Interviewed by Sue Leonard.
Published in The Irish Examiner, 8th November, 2008.
When I was asked if I’d like to have lunch with Jackie Collins, my first thought, was ‘what will I wear?’ My second was a fear that she’d be a true diva; and that the conversation would dry before desert.
I wasn’t the only one feeling nervous that Saturday; the waitress who showed us to the lush gold seated alcove in The Shelbourne Hotel’s Saddle room, was in such a dither, that she assured us the setting was ‘romantic.’
“We don’t need romantic,” drawled Jackie.
Jackie looks great. I’d been told not to ask her age; and you’d never guess she was born in 1937. Her dark hair is thick and lustrous; her skin plump. She doesn’t have that stretched, expressionless mask that comes from too much ‘work’; her smile reaches her eyes; and her sultry laugh sounds genuine. I like her.
As we examine the menu, and decide on ‘gin and tonic salmon with Champ,’ we gossip. We discuss men; and particularly the two leads in Jackie’s new Hollywood blockbuster, Married Lovers. I loved the loyal, put upon Ryan. She’s in love with Don; a chat show host who is rather trickier.
“I’m bringing him back,” she tells me. “There is, definitely, going to be a sequel.”
We talk about our daughters. We each have three, and agree that our children are our best achievement. We discuss our Labradors. There are three in the book; and Jackie owns two. And, of course, we discuss sex.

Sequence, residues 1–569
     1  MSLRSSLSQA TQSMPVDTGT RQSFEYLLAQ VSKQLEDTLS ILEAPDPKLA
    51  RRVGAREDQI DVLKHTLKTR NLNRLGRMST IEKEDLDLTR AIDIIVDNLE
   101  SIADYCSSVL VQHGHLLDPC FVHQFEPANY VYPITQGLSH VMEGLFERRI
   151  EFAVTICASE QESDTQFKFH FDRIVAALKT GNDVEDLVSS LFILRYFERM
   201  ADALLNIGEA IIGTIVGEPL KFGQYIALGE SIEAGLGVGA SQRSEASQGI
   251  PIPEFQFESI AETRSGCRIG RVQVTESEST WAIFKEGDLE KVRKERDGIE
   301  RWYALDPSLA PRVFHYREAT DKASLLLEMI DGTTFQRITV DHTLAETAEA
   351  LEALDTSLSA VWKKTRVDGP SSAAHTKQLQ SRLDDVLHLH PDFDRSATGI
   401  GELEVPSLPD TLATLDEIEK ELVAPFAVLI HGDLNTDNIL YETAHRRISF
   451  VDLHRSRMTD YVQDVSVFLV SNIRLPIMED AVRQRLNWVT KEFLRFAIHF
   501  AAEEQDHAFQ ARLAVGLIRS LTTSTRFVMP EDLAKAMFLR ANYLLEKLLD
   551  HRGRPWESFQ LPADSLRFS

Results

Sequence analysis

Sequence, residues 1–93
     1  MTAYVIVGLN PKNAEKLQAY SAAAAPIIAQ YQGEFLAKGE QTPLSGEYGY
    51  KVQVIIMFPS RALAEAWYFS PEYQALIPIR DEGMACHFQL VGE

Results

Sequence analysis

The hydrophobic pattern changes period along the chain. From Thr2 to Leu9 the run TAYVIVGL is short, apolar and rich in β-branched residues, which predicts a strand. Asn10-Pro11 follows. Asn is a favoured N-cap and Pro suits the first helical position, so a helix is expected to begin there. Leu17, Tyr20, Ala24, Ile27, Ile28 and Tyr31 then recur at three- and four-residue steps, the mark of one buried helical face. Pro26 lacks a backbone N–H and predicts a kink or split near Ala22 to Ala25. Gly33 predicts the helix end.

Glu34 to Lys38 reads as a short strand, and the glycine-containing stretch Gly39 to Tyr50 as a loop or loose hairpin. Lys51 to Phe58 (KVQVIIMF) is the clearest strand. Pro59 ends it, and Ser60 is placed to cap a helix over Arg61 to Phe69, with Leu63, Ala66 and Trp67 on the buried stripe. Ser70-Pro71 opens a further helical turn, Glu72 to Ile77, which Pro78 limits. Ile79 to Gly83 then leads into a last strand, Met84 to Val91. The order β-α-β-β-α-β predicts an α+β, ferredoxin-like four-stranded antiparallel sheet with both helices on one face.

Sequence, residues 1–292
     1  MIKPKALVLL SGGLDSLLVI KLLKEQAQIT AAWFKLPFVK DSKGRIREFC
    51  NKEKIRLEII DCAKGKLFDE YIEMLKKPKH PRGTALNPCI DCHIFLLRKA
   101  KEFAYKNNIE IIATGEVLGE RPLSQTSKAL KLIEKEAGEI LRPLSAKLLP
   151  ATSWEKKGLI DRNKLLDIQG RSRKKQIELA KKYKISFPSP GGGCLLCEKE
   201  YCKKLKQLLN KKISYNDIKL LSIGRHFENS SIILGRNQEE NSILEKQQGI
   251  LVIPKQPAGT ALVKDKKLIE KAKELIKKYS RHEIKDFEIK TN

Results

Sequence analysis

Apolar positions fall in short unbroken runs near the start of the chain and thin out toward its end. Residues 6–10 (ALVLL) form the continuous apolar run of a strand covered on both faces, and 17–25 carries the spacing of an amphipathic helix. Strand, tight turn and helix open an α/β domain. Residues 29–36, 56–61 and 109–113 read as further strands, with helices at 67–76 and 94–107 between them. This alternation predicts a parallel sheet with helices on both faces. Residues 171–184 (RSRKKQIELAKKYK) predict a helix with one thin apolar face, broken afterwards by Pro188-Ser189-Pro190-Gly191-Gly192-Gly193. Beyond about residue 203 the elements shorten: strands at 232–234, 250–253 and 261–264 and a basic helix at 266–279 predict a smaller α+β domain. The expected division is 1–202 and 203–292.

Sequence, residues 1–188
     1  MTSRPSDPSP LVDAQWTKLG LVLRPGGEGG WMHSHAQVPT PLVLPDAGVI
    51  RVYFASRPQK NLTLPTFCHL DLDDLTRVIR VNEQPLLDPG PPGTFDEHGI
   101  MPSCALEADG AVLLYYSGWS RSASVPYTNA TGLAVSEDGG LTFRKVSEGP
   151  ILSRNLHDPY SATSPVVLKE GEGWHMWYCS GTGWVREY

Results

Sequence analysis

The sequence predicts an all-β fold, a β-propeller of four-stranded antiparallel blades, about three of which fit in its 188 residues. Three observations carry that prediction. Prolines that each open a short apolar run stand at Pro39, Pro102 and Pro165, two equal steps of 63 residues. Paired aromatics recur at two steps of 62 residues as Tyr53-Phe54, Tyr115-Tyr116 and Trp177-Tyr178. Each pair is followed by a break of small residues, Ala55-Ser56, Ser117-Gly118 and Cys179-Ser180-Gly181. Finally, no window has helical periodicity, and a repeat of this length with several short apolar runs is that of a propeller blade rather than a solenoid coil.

“Men have this huge myth that women have to care about a man to have sex,” she says. “It is quite ridiculous! A woman can feel just as interested in sex as a man; and not want to see the man again the next day.”
Jackie has written an astonishing 26 books. She’s sold over 400 million copies. She’s also written screenplays, and produced films and mini-series. She wrote her first book in 1969; and it bothers her that, later, she got lumped in with the sex and shopping novels of the eighties.
“I never wrote sex and shopping. Hollywood Wives was about women who shop lifted. It was completely different. I am a storyteller and I don’t follow trends. I was writing before them. And I am writing after they have all way gone.
“They were writing cynically, and that doesn’t work. When Hollywood Wives came out a lot of Hollywood women said, ‘that is a book I could have written.’ I said ‘Why didn’t you?’ People don’t realise the slog of writing, and the sheer work of keeping the books out there.”
Jackie’s first novel exploded the myth of the double standard.
“All the books I read were by men. And all the women were in the kitchen or the bedroom. It was sex or cooking. I wanted my women to be really strong. It annoyed me that in a Harold Robbins book the woman would have an orgasm just looking at a guy. It was ‘no, no no. This is not right.
“I was way ahead of my time. When The World is Full of Married Men came out, an MP in England took out a half page in a Sunday Newspaper saying, ‘this is the most shocking book I have ever read.’ It was number one within two weeks. And I’ve never looked back,” she says, touching wood.
“I was on the Terry Wogan show with Barbara Cartland,” says Jackie with a chuckle. “She was all in pink and had a light between her knees which shone up at her face. She said, ‘Miss Collins is responsible for all the perverts in England.’ And I said, ‘oh thank you.’ What do you say? It was like being on a show with the Queen Mother.”